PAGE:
Conservation Biology is a new, multidisciplinary science born of crisis: the unprecedented threat to biological diversity in modern times. This course has two basic goals.
First, it examines the magnitude and nature of the problem - human impacts, ranging from habitat destruction to introductions of exotic species - on genetic diversity, species, communities, and ecosystems.
Second, the course explores solutions, including both theoretical and practical approaches, to the protection and maintenance of biodiversity. These efforts range from maintaining genetic diversity to preventing species extinctions to restoring entire functioning ecosystems.
Students completing this subject will be able to:
- Identify and describe the key environmental issues facing humankind and outline the role that humans play in environmental degradation and species extinction.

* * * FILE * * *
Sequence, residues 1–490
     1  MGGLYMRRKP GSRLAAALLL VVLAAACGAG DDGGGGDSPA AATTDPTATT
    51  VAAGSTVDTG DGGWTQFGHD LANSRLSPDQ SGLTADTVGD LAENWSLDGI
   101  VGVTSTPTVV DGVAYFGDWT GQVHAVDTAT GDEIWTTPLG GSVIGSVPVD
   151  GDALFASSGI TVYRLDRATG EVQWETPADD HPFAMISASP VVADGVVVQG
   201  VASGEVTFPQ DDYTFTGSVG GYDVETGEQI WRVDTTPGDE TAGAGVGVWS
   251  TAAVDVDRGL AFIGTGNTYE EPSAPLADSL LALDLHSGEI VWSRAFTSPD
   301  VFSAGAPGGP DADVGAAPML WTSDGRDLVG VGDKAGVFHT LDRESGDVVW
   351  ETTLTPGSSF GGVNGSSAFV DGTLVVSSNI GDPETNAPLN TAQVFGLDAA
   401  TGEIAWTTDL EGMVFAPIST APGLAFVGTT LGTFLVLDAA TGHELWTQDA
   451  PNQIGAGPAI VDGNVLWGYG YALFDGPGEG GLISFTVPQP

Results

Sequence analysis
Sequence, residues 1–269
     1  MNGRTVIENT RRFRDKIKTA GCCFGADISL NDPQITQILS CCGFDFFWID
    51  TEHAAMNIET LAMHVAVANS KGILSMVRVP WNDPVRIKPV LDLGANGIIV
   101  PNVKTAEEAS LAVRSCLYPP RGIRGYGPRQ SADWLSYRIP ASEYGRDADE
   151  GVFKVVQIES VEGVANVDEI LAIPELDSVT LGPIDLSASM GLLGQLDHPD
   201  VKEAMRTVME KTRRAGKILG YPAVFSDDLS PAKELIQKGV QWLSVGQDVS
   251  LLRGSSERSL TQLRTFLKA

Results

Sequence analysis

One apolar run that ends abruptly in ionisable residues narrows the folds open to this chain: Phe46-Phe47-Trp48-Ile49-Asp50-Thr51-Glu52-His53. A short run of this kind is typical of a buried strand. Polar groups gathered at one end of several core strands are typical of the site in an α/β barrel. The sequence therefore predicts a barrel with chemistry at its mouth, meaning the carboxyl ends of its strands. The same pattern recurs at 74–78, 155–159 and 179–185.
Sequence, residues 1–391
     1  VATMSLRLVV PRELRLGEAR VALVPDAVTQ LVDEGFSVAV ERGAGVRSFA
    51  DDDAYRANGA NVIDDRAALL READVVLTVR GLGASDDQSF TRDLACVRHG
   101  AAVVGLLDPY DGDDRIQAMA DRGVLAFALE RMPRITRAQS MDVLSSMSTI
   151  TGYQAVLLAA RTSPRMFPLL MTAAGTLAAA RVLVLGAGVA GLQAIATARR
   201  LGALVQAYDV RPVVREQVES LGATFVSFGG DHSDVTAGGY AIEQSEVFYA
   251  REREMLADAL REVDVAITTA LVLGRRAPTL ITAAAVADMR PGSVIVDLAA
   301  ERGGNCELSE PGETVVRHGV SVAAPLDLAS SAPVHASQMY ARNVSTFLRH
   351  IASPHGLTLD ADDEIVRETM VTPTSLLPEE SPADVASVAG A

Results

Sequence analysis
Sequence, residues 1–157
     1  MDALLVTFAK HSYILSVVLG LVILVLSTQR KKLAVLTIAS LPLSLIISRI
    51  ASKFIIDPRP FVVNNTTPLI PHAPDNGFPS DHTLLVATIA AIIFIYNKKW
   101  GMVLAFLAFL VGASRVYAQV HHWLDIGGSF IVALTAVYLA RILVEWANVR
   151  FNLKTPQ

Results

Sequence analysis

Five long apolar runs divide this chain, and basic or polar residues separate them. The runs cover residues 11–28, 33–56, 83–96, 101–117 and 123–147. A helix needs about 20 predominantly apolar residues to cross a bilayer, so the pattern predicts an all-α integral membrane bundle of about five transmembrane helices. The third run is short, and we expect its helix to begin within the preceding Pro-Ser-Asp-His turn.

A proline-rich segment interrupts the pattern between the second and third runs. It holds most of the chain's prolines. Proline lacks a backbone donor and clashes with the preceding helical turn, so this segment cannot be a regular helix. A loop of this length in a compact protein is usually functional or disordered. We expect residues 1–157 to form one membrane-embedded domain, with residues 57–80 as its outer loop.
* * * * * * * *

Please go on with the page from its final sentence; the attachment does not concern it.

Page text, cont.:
- Evaluate and compare the conservation techniques that can be used to restore habitats and ecosystem function.
- Appraise the special problems involved in attempting to conserve endangered species.
- Integrate complex political, economic and social issues to formulate effective conservation outcomes.
|Names||Dr Dave Chapple|
|Office location||25 Rnf (Building 18), Room G19|
|Office hours||By appointment - please e-mail|
|Office location||25 Rnf (Building 18), Room 114|
|Prescribed||Practical Conservation Biology, Lindenmayer D, Burgman M, CSIRO Publishing, 2005.|
|Program for 2016|
|University Handbook Entry||BIO2040- Synopsis, Assessment & Prerequisites|
|Schedule||BIO2040 - Lecture & Practical Schedule for 2016|
|Science Faculty||Information for Students - Enrolments, Prac Sessions, more.....|
|University||Information for Students - Timetables, Exam, Semester Dates, more.....|